When a wealthy Englishman named James Smithson willed 152 years ago that his entire estate of more than $500,000 be spent setting up a museum in Washington, little did he realize that it would eventually before the repository for: 6,012 pels from dogs, wild hogs and other animals 5,832 hand tools. 2,587 musical instruments. 34,146 nests and eggs. 4,785 sea sponges.

Neither, for that matter, did the Smithsonian Institution, the museum created by his bequest, until three years ago when it began the first-ever top-to-bottom tally of the treasures and trivia that have been squirreled away in its attics and basements over the 135 years of its existence.

Today, with the cataloguing barely half completed, Smithsonian officials say they believe they have about 78 million items, ranging from antique lightbulbs to the pickled brains of two former curators (the curators willed them to the Smithsonian) stashed away in dusty cabinets and on display in museum hallways. But they won't know for sure until the count is completed in early 1983.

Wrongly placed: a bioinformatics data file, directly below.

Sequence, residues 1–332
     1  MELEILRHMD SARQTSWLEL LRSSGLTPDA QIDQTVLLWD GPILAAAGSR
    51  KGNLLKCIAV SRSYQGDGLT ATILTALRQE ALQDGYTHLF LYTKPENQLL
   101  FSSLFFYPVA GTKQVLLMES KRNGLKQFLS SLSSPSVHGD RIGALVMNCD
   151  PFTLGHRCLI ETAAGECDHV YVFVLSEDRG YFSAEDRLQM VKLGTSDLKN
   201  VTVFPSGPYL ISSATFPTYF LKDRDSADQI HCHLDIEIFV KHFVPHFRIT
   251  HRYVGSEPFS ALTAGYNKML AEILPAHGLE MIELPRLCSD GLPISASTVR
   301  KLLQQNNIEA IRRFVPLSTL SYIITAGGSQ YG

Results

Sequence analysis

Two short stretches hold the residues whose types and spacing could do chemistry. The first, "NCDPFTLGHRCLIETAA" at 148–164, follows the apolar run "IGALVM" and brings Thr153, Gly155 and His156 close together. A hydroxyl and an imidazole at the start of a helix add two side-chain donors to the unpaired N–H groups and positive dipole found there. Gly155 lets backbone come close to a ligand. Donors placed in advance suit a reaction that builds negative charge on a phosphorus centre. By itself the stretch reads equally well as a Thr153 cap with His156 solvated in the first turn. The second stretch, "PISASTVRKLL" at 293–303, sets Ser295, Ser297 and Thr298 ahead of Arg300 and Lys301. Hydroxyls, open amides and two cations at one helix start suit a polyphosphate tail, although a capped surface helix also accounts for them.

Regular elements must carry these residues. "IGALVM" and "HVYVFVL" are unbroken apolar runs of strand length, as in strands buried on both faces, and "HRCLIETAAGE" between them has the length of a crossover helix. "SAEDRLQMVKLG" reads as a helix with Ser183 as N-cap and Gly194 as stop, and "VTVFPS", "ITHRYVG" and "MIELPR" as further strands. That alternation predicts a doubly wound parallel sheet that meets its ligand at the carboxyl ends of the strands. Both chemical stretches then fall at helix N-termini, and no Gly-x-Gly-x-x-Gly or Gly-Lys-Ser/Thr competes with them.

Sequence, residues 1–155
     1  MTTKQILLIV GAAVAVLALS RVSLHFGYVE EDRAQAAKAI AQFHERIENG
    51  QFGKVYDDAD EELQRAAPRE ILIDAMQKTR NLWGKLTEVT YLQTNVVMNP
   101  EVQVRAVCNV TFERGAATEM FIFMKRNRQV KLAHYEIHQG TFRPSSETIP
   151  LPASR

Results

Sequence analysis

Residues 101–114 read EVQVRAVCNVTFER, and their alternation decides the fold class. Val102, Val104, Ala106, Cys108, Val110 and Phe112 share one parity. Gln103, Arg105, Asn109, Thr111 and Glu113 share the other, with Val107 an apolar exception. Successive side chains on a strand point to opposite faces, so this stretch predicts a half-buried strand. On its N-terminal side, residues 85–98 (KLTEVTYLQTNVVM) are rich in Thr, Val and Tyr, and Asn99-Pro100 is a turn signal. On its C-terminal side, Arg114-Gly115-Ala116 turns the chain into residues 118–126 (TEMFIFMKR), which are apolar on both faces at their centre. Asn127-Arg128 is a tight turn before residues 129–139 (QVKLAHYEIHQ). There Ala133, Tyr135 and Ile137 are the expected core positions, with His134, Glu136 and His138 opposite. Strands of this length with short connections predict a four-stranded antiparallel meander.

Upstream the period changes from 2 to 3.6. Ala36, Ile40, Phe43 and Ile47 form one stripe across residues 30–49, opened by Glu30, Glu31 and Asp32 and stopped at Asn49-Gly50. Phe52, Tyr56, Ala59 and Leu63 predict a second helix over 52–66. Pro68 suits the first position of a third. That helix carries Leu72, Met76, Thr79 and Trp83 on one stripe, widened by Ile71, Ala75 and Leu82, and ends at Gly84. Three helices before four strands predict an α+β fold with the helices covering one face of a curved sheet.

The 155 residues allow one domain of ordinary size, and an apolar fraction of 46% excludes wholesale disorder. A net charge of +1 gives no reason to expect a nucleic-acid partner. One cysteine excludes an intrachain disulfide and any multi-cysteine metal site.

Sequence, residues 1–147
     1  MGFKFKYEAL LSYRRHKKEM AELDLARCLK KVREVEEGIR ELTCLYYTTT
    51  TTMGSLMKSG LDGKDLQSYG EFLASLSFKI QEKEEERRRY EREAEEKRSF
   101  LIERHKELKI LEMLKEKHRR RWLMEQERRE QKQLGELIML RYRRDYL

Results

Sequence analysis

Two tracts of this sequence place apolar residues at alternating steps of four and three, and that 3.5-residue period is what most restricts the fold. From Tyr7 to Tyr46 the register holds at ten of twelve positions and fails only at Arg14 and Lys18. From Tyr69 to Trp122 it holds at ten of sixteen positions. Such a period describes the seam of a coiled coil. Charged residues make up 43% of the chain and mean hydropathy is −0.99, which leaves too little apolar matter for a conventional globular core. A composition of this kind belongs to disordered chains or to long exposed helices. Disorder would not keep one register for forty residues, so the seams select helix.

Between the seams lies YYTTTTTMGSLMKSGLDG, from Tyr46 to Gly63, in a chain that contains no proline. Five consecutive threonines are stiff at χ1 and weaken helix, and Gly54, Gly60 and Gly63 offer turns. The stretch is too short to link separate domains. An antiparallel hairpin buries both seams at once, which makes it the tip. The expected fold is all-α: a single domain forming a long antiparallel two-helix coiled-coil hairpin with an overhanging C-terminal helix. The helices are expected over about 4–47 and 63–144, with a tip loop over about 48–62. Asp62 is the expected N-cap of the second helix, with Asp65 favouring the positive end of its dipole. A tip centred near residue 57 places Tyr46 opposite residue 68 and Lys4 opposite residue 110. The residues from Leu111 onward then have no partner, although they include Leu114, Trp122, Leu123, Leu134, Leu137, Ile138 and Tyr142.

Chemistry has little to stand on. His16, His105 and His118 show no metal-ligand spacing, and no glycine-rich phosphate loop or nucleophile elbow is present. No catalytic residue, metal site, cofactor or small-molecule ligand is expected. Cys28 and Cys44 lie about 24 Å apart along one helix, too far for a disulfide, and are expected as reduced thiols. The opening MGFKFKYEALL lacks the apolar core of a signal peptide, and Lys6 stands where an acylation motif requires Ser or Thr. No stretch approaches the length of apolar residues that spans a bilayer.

"For the first time in the history of the museum we'll know what we have on the shelf," said Fred Collier, collections manager of paleobiology in the Museum of Natural History where the vast majority -- 60 million -- of the Smithsonian's items are kept. "We are finding unexpected things. . . . They're not gone, but just misplaced, and once your misplace something in four or five floors of fossils -- "

The Smithsonian's philosophy throughout its existence could fit the axion that it's better to have it and not need it than to need it and not have it.

Trouble is, the nation's attic keeper never has quite known what it has in its 13 museums, which include the National Zoo, the Museums of American History and History and Technology, the National Portrait Gallery and National Collection of Fine Arts, the Hirshhorn, Penwick and Freer galleries, the Air and Space Museum, and the Cooper-Hewitt Museum in New York City.